Ga. Judge Resigns After Questions Raised About Facebook Contacts

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A Georgia judge has resigned from the bench after questions surfaced about his Facebook relationship with a defendant.

Chief Judge Ernest “Bucky” Woods of Mountain Judicial Circuit Superior Court, 54, told the Fulton County Daily Report that he is retiring from the job. “I just got tired of living under a microscope,” he said.

Woods’ resignation follows allegations about an inappropriate relationship with a defendant, Tara Elizabeth Black. The relationship was chronicled in what appear to be Facebook e-mails that were turned over to the circuit’s district attorney and obtained through an open records request by the Fulton County Daily Report and the Clayton Tribune, the first publication to write about the issue.

District Attorney Brian Rickman said he learned of the e-mails after the parents of Black’s friend brought them to his attention, along with a complaint that Woods was unfairly jailing their son, the Daily Report story says.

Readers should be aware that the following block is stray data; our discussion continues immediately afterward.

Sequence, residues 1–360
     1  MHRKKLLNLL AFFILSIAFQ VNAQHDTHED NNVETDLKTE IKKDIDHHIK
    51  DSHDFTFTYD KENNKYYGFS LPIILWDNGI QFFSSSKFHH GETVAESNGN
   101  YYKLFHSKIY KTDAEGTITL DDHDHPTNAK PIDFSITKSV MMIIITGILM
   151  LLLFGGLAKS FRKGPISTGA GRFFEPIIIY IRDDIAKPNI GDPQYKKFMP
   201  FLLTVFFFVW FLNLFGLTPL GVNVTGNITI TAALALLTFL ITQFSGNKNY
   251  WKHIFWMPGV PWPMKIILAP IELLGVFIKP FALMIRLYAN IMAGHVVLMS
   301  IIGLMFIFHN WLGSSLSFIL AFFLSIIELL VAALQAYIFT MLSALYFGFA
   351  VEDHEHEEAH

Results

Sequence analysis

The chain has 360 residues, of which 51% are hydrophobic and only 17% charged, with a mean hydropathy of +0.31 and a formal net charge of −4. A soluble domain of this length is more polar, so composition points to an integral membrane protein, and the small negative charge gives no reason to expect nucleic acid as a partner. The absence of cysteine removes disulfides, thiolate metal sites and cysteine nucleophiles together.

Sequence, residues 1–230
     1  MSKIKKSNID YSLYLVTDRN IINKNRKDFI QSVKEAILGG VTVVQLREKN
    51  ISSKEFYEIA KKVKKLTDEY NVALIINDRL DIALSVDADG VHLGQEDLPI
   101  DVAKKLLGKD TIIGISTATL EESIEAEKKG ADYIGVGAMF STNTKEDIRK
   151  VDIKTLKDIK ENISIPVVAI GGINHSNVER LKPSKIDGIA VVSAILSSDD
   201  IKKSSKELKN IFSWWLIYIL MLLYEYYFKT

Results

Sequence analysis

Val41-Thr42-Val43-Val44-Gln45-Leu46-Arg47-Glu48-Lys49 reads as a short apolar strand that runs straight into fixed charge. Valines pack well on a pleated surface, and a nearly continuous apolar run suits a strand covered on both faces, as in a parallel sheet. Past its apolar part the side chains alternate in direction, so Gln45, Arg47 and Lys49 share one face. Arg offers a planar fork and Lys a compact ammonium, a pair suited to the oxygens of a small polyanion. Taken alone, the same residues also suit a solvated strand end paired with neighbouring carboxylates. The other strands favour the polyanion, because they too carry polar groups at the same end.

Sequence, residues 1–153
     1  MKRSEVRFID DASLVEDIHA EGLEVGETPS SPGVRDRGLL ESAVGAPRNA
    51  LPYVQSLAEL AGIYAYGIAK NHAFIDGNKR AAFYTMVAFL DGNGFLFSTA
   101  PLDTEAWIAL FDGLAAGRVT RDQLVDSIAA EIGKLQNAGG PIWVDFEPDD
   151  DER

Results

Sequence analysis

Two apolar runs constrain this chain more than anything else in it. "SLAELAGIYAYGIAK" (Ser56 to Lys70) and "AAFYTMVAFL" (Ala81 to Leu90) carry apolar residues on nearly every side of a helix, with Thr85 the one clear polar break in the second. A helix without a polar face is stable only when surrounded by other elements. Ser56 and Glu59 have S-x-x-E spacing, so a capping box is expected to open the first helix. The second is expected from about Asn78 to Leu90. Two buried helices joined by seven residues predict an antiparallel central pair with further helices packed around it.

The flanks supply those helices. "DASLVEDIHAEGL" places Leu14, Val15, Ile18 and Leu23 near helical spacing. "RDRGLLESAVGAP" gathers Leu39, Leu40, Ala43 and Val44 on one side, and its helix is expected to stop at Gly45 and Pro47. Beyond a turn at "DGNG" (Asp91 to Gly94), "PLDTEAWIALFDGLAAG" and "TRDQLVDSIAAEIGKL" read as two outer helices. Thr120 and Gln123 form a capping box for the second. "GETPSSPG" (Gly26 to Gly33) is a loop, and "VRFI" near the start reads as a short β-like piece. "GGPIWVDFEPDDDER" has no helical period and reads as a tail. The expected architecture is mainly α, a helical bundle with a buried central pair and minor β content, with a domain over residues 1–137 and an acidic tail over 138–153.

Woods told the Fulton County Daily Report that some of the e-mails were real and some were fake, but he didn’t say which ones were fake.

According to the e-mails, Woods apparently initiated the relationship with Black when he contacted her through Facebook and said he noticed that she worked at a hair salon. His e-mail said he was thinking of finding a new person to give him a haircut. Black responded she would refer Woods to a colleague, since she didn’t cut hair. Later, the two agreed to meet, and Black asked to borrow money for her rent, according to the e-mails.

In other e-mails, Woods and Black discussed strategy in her case involving a charge of theft by deception, and a drug case of one of Black’s friends.

Woods signed an order allowing Black to be released on her own recognizance. The case was later dropped, Rickman said, because it should have been a civil matter. After Rickman met with the Woods to discuss the e-mails, the judge also recused himself from the case of Black’s friend.

Rickman said the judge’s conduct was not a criminal violation.

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